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Cool weather fails to drive off Harvest Fest crowd

Luna, a Marshmallow Foundation shelter dog up for adoption, met Jon, Jamie and Charlotte Buck during the annual Harvest Fest Saturday in Perham. Brian Hansel/FOCUS1 / 10
Rocco Miller, left, and Brooks Kupferschmid fought off Zombies in a game on First Avenue in downtown Perham. Brian Hansel/FOCUS2 / 10
Ben Karsnia, left, Joseph Roggenkamp and Taylor Perala served a patron of the Community BBQ stand in front of Ace Hardware. Brian Hansel/FOCUS3 / 10
Charlie Kirchenwitz of Dent used a Makita chainsaw to create a wood sculpture in NP Park Saturday morning. Brian Hansel/FOCUS4 / 10
Larry Doll handled the reins as he gave some hardy passengers a ride in his L and L Memorable Rides wagon. Brian Hansel/FOCUS 5 / 10
Elaine Eisenlohr of Eisenlohr Crafts in New York Mills checked out merchandise she was selling at the NP Park. Brian Hansel/FOCUS 6 / 10
Liam Marpoe got into crafts at North Pines Market on the Main Street of Perham. Brian Hansel/FOCUS7 / 10
One of the Perham Fire Department trucks made the scene on First Avenue during the Harvest Fest. Brian Hansel/FOCUS8 / 10
Isabella and Brianna Pikula enjoyed the corn pool in the Goose Gang parking lot. Brian Hansel/FOCUS9 / 10
Nancy Brekke of Detroit Lakes loaded up with popcorn for her gang at the Comet Theater Saturday afternoon during a showing of "Charlie and the Chocolate Factory." Brian Hansel/FOCUS 10 / 10

Hardy shoppers failed to be put off by cold and cloudy weather Saturday as the annual Harvest Fest lured them to the streets of Perham.

The Perham Events Committee stages the fall event to promote commerce in the community by bringing people of all ages into town. Along with their merchandise, the committee offered many diversions, laughs and smiles.

Jon, Jamie and Charlotte Buck of Perham were among those who met Marshmallow Foundation Shelter dog Luna in downtown Perham. The Bucks were looking for a pet.

Other First Avenue activities included fire truck tours, arts and crafts and a bouncy house.

Up the street at NP Park, the Farmer’s Market saw vendors hawking (cold) watermelons, honey, Dreamcatchers and vegetables of many kinds.

Providing the “music” was Charlie Kichenwitz and his Makita Chainsaw.

Kirchenwitz has been a chainsaw sculptor for 30 years. He also does general tree work.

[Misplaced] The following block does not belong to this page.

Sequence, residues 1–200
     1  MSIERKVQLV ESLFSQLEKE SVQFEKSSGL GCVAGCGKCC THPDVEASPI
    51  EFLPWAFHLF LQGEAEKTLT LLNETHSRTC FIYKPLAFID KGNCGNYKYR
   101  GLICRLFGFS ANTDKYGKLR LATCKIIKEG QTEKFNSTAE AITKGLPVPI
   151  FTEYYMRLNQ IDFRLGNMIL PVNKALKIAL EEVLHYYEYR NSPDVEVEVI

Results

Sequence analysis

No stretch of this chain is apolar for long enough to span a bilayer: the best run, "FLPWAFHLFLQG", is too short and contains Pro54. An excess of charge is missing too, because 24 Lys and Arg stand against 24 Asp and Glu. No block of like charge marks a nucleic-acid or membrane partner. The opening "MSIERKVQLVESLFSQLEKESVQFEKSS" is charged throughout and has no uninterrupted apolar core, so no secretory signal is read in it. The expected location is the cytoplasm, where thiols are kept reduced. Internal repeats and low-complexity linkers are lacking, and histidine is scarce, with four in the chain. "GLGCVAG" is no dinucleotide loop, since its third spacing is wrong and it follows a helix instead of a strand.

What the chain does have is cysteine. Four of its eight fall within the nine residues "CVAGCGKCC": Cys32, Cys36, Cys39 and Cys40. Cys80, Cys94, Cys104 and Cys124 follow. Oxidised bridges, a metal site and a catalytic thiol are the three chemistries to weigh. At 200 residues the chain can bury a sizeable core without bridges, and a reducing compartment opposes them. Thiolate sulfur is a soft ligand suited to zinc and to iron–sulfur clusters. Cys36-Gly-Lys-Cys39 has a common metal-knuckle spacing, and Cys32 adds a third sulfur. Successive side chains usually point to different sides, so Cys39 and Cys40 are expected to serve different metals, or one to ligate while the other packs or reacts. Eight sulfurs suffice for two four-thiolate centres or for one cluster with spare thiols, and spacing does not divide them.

“A lot of time people have the top of a tree down and then they ask me to do a sculpture,” the Dent artist said.

Do they always know exactly what they want Kirchenwitz to create?

“They’ll have some suggestions and I have a book,” Kirchenwitz laughed.

Before he can go to work Kirchenwitz has to know if the tree he is being asked to sculpt is possible to work on. Basswood and ash trees that come down in a storm are often rotten inside.

“The middle is important,” said Kirchenwitz.

Different chainsaw sculptors work in different ways.

“My style is to have them standing straight up,” Kirchenwitz said. “It’s a chainsaw sculpture. If you want something similar get an actual reproduction.”

Like a true artist, Kirchenwitz creates something for himself that he hopes others will like.

“Not everyone liked Johnny Cash or you couldn’t get George Jones,” Kirchenwitz laughed.

A team of big, black horses pulled a wagon up to The Little Red Barn. The man holding the reins was a Perham native, Larry Doll, who has a sideline business he calls L and L Memorable Rides.

Doll and his wife, Lana, live near Eagle Bend and they own four horse-drawn carriages. One of them is for hauling a group of people, another is for wedding parties, a third is for parades and the fourth is for funerals. Yes, funerals.

“In the old days only the rich and famous got this treatment,” Doll said. “Everyone else got thrown in the back of a wagon.”

Doll’s fulltime job has been managing a propane plant near Miltona for 37 years. When he started his carriage ride business 2 ½ years ago, just to give himself and his wife something to do in retirement, he miscalculated.

“It’s picked up quicker than we thought,” Doll said.

Harvest Fest also offered shoppers a chance at sidewalk dining. Pulled pork sandwiches and turkey drumsticks were the fare in front of Ace Hardware.

It was hard to get too hungry. An all-day corn pool was set up at the Goose Gang shop for the enjoyment of children. A mystery man traveled around Perham handing out candy bars containing Golden Ticket chances at $500 in Perham bucks. Candy could be found at Calla Floral and Confections. Beer samples from Disgruntled Brewing could be had and baked goods were on sale outside the Pine Island Fish Company. Free popcorn was dished out during showings of “Charlie and the Chocolate Factory” at the Comet Theater.

For people looking for fun outside the city limits, there was the Otter Berry Farm, a rural address near St. Lawrence Church where visitors had a chance to test themselves in a corn maze.

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